The ship is fast sailing on this one, but the media keep plugging it, so I will too.
[Warning: This post gets cynical quite quickly]
What I find interesting (though not at all surprising) about the whole Paul Henry thing, is the difference in reporting between the two networks. TVNZ (understandably) is only giving a minimal amount of information, focusing on his offending question surrounding whether Anand Satyanand was "even a New Zealander," and only focused on his joking about Sheila Dikshit's name once the controversy hit India. TV3, by contrast, played a sort of Paul Henry mega-mix whereby he laughed at a lady moustache and his mockery of Susan Boyle.
Both networks conspicuously leave out his comment that homosexuals are "unnatural."
There are two things that annoy me about this whole Henry debacle. First is the fact that people are defending him - some people joining ‘boycott TVNZ until Paul Henry returns’ groups on Facebook. They act (seemingly echoing TVNZ's sentiment) that it was a one-off incident, and wasn't really all that bad. The reason people are pissed off and want his blood, is because it's the latest in a long line of bigoted, arsehole statements that the veteran broadcaster has made - and, being racial, it's the one that's inflamed us all the most. He's not saying “what we're all thinking but afraid to say” (granted, TVNZ later retracted this statement). Most New Zealanders are not bigoted arseholes. Tough I would agree with the sentiment that we'd like to be able to “tell it like it is,” that has more to do with New Zealanders reprehension with complaining rather than any introverted intolerance.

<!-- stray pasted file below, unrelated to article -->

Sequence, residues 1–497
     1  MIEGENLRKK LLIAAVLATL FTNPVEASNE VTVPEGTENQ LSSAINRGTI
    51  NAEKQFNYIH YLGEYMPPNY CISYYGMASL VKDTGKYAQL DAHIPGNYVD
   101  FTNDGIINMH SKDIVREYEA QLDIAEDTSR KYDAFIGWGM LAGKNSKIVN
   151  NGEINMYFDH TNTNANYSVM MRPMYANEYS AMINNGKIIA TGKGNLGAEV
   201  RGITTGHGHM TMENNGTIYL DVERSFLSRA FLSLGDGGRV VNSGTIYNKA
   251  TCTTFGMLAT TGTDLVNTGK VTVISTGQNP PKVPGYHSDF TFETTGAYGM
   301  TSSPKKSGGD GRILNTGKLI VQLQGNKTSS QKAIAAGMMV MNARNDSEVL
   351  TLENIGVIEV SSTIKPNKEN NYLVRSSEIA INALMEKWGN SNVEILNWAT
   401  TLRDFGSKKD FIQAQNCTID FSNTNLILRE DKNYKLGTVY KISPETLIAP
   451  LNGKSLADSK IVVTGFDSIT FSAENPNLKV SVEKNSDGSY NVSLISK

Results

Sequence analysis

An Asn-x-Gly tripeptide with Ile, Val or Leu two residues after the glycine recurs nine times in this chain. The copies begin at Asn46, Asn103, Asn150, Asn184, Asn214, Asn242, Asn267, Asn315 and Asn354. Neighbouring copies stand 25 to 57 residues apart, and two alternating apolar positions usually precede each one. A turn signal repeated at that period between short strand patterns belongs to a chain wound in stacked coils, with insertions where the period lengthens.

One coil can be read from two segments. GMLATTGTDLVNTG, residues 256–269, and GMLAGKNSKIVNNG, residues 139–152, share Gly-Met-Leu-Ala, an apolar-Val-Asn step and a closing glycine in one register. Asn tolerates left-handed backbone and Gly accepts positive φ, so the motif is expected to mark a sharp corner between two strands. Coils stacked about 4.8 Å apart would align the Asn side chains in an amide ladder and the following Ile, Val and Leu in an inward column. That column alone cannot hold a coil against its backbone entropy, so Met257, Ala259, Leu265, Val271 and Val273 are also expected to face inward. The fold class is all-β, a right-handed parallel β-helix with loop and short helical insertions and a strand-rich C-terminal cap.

Henry is a bigot and giving him free reign on Breakfast has exacerbated his bigotry. The argument that he's a good broadcaster and that he's fantastic at debating politicians, et al, does not warrant letting his offensive remarks slide.
The second thing that annoyed me about the whole thing is that TV3 interviewed radio shock-jocks John Tamihere and Willie Jackson. The pair admonished Henry's offensiveness, rightly pointing out that a government-owned network shouldn't employ openly racist presenters, while ignoring the hypocrisy of them making those comments. Jackson and (especially) Tamihere have received their fair share of complaints about their own offensive statements, but they defend their right to do it because their radio programme is privately owned, as if that makes it all OK.
Finally, I should pay lip service to the fact that many people are saying that we shouldn't be flogging this piece of non-news. While the media do have a tendency of over pushing pointless “news” items, I think people are more worried about giving Henry's words an ersatz legitimacy by talking about it.
I disagree, and think that we should be talking about it. The fact that he said it, and the fact that many people are rushing to his defense, shows that New Zealand is still a quietly bigoted country. While we have nothing of the sort we see proudly trumpeted from the parapets across America, we're not the paragon of tolerance and freedom that we tell ourselves we are. Racism, heterosexism, misogyny and other forms of discrimination all still exist in our society.
But does that mean that we need to keep harping on Paul Henry? He may be a bit of a media pariah at the moment, but he's fast becoming a patsy for bigotry in New Zealand. In stead of keeping on him, we need to honestly look at ourselves in the mirror, and actually have a conversation with ourselves to finally deal with the conservative bigotry lurking beneath our liberal façade.
[UPDATE: Paul Henry has resigned, lol]